Thanks to all of you voting, I've made it to the second round of the Canadian Blog Awards in the Best Disability Blog category and I’m beyond thrilled (does that make me more dorky?). Last week, I was all humble, saying that it was an honour just to be nominated and it is an honour - it means something that someone thinks I might be “best” at this thing I do. It also means quite a lot of something that many other someones agreed and voted for me. And by now, I’m so tickled that I made it into the second round and, just in case, am working on my "Oscar nominee who didn't get the award" face, while being really, really grateful that when the results are announced, no one will be shoving a camera in my face and broadcasting it to the world. Which is a long-winded way of saying thanks so much for your vote and if you are still so inclined, I’d very much appreciate your vote again. No registration or Canadian residence needed and it's all over by this Sunday. And while you're voting (assuming you're voting), despite her likely not needing my endorsement, go vote for Steph here and here. She's damn good at what she does.
Something interesting popped up during this whole process. Several people seemed surprised that I was included in the category of disability blogs and more than one said that The Seated View is "so much more than that". And it made me think. About what makes a disability blog and, by extension, what makes a person a disability advocate (which seems inferred by the disability blog thing). We're back to identity again - it seems to be a theme in my life lately.
The Canadian Blog Awards defined "disability blog" as - I vaguely remember, but can no longer find - having 30% disability content and that's probably about the amount of posts I write that touch on disability issues in one way or another. As Carrie said, this blog is about my life - the disability is part of that, but it isn't all of my life and this experience made me realize that the idea I had when I started this blog may have worked. That this blog has reflected my view of disability and, notwithstanding your (the readers) natural brilliance and refusal to stereotype, in a small way, my blog may have succeeded in communicating my philosophy to the internets.
When you have a disability, you spend every day educating others in some way or another. Because when you have a disability, people have ideas about who you are and what your life looks like - mostly, these ideas are about who you aren't and what your life doesn't look like. There's an awful lot of can't in those stereotypes and being in a position where you have to prove pretty much daily that yes indeed, you can, that you are a real person with a real life that looks surprisingly like everyone else's is, quite frankly, exhausting at times. But still, you do it, because there is no choice. Because submitting to this idea of being a lump of asexual meat sitting passively in a corner bemoaning your lot, invisible and powerless within our culture is, equally frankly, obscene. So you fight and usually, that fight means living - partly because that's what people do, but it also means having opinions, being involved and making sure that you are a little bit more visible in the right way, in your way, not in the lump-of-meat way. And it means that in some respects, your entire life becomes a political act. Buying groceries is a political act, because the assumption is that someone will do it for you while you remain "wheelchair-bound" at home (or in a home). Going out for lunch or a drink with friends is a political act because, as someone once told me, they had no idea that WheelTrans took you anywhere but hospitals and doctors’ offices. Holding hands with your lover in public becomes a political act because people don’t expect that you have the desire for love or well, desire or that someone might find you hot.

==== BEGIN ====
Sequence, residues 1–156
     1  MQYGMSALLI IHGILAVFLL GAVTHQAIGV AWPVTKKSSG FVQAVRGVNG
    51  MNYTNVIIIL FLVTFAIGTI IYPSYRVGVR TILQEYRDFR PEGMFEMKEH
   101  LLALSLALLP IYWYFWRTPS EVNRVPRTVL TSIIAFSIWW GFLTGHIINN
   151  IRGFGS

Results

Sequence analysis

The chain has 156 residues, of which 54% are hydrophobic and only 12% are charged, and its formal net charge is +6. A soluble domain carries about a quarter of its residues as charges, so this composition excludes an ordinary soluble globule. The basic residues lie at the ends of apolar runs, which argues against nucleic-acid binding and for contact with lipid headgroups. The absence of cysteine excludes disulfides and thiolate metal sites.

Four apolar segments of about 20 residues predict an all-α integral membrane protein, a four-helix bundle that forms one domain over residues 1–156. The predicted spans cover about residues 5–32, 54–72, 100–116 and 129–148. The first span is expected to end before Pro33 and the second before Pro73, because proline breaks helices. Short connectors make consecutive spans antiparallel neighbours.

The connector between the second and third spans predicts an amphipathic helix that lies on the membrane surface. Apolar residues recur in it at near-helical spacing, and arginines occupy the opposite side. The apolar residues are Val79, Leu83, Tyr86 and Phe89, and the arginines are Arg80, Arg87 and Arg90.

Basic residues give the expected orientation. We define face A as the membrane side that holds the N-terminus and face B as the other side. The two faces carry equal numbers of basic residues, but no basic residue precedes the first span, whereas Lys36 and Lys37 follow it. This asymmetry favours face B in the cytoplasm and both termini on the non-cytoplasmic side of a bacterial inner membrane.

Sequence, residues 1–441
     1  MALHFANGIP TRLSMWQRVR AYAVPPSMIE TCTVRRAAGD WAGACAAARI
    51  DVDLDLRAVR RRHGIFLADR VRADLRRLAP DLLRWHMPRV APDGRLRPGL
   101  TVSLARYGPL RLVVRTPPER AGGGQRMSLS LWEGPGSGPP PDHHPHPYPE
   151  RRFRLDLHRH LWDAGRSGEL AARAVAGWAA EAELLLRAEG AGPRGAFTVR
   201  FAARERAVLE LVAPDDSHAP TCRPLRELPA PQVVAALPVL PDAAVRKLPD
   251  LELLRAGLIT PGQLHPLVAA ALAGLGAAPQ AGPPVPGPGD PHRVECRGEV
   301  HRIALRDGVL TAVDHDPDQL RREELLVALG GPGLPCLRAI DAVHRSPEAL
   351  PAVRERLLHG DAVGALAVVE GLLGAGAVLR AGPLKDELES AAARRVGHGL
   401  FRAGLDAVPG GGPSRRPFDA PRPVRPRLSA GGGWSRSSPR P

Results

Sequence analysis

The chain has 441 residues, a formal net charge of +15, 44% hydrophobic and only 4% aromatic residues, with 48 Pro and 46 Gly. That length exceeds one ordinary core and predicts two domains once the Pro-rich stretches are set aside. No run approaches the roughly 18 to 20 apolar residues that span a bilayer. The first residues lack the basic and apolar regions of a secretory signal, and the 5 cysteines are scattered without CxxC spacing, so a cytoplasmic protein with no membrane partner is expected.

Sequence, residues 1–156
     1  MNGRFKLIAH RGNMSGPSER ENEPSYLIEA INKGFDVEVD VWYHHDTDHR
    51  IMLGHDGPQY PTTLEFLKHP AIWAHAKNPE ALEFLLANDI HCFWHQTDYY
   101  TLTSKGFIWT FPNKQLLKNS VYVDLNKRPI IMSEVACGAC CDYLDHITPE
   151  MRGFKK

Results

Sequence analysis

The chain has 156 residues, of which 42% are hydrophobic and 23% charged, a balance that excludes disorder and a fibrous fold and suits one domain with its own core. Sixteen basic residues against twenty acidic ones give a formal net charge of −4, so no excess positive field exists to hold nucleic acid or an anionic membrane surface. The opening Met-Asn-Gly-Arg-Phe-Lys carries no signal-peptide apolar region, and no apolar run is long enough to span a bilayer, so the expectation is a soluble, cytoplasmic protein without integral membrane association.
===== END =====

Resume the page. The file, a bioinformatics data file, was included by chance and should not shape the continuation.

Most of the time, living my life is just me living my life and most of the time, when I become aware of how much living my life is an act of advocacy, it’s a surprise. Often, it is the reactions of others that make my life a political act - I was just having a daiquiri with a girlfriend or holding the hand of someone I really like. It was that other person's reaction to my going about my life that changed what I did into something more than buying butter and orange juice, changed it into becoming advocacy. And it is the fact that many of the strangers I pass on the street every day will be surprised to see me on the way to the bank or the grocery store that has over the years, in many small ways, shaped my decisions about how I go about just living my life.
And at this particular point I'm trying to avoid the conclusion that despite my claiming that disability is only part of my life, I have just painted myself into a corner with a conclusion that all of my life is about disability. Am I the only one who feels like whimpering right now? Let's call it being about advocacy instead. It still sounds a bit tiring and makes me want to talk about reality shows for several days, so I’m going to stop now.
Ihate it when I make my brain hurt...